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Interference of light

  1. Nov 27, 2014 #1
    We perceive intensity as the mod square of the electric field of light. As this electric field is varying sinusoidally then should we not see the interference fringes in a double slit diffraction pattern also vary sinusoidally in intensity as a result (albeit very quickly at the frequency of the light source)?
     
  2. jcsd
  3. Nov 27, 2014 #2

    Drakkith

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    Staff: Mentor

    I believe the EM wave transfers energy at a constant rate, giving a constant intensity instead of a varying intensity. I'm not sure on the details though.
     
  4. Nov 27, 2014 #3

    Dale

    Staff: Mentor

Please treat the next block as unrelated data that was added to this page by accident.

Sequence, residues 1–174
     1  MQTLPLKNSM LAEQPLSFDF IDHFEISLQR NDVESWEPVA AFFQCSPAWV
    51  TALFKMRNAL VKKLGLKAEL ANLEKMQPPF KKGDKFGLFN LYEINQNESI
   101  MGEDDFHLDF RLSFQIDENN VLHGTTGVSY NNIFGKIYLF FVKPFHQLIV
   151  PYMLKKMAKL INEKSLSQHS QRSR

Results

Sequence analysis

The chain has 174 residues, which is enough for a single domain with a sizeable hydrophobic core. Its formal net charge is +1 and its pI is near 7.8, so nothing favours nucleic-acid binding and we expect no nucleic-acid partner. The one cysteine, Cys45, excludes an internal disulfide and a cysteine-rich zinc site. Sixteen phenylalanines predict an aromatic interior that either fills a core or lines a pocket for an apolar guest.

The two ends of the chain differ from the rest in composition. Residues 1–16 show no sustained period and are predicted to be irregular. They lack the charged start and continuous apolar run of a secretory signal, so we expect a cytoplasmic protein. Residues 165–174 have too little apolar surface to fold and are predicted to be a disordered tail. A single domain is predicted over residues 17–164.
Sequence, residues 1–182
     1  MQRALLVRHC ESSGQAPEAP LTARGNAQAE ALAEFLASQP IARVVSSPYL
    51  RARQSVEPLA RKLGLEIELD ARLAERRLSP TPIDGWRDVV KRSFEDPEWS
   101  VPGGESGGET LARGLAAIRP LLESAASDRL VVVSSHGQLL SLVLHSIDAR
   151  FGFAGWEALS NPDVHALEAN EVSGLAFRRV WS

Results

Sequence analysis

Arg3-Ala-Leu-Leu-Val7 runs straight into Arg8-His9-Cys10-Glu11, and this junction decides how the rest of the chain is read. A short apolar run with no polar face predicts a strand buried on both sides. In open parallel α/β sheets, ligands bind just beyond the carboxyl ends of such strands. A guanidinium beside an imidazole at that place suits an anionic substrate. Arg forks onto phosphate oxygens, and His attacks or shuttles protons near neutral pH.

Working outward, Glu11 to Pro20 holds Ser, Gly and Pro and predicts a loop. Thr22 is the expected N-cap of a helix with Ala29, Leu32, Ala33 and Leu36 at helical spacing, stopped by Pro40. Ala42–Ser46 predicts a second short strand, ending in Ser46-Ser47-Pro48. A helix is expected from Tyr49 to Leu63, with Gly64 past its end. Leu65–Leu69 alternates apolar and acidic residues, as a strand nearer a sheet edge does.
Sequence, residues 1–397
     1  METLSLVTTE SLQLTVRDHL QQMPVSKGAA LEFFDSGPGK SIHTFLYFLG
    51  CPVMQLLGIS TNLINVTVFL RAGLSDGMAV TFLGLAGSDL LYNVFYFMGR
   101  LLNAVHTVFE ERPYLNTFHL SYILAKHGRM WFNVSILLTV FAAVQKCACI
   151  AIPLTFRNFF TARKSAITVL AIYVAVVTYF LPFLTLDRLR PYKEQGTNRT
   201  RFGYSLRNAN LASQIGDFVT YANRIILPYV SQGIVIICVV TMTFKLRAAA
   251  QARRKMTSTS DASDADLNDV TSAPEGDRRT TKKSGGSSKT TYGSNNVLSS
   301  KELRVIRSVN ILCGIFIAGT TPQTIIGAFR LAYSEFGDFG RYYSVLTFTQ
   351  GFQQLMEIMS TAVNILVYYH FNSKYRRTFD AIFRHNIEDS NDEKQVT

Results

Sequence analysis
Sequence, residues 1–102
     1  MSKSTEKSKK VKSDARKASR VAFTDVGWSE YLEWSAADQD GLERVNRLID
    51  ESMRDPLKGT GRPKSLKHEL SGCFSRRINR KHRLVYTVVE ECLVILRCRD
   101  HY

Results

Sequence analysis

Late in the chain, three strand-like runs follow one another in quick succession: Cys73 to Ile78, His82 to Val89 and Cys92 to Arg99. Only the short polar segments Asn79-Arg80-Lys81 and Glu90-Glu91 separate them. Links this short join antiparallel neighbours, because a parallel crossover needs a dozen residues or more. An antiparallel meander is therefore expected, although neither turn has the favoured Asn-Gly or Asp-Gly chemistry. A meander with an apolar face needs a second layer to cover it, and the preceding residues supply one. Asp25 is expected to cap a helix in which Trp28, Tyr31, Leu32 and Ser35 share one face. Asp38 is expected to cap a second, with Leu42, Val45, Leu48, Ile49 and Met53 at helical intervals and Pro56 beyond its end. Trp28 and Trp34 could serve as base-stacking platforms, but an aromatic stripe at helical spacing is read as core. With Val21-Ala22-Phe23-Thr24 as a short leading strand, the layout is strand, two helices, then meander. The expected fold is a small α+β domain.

5. Nov 28, 2014 #4
    So you are saying that it would oscillate but just too quickly for us to visually measure? Is there some other way that this effect could be detected?
     
  6. Nov 28, 2014 #5

    Dale

    Staff: Mentor

    Not with visible light, but you could easily do it with slower waves like water waves. Double slit interference works with pretty much all kinds of waves.
     
  7. Nov 28, 2014 #6

    Drakkith

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    Staff: Mentor

    The intensity wouldn't vary, because intensity is a measure of power, which is energy transfer over time. This does not vary.
     
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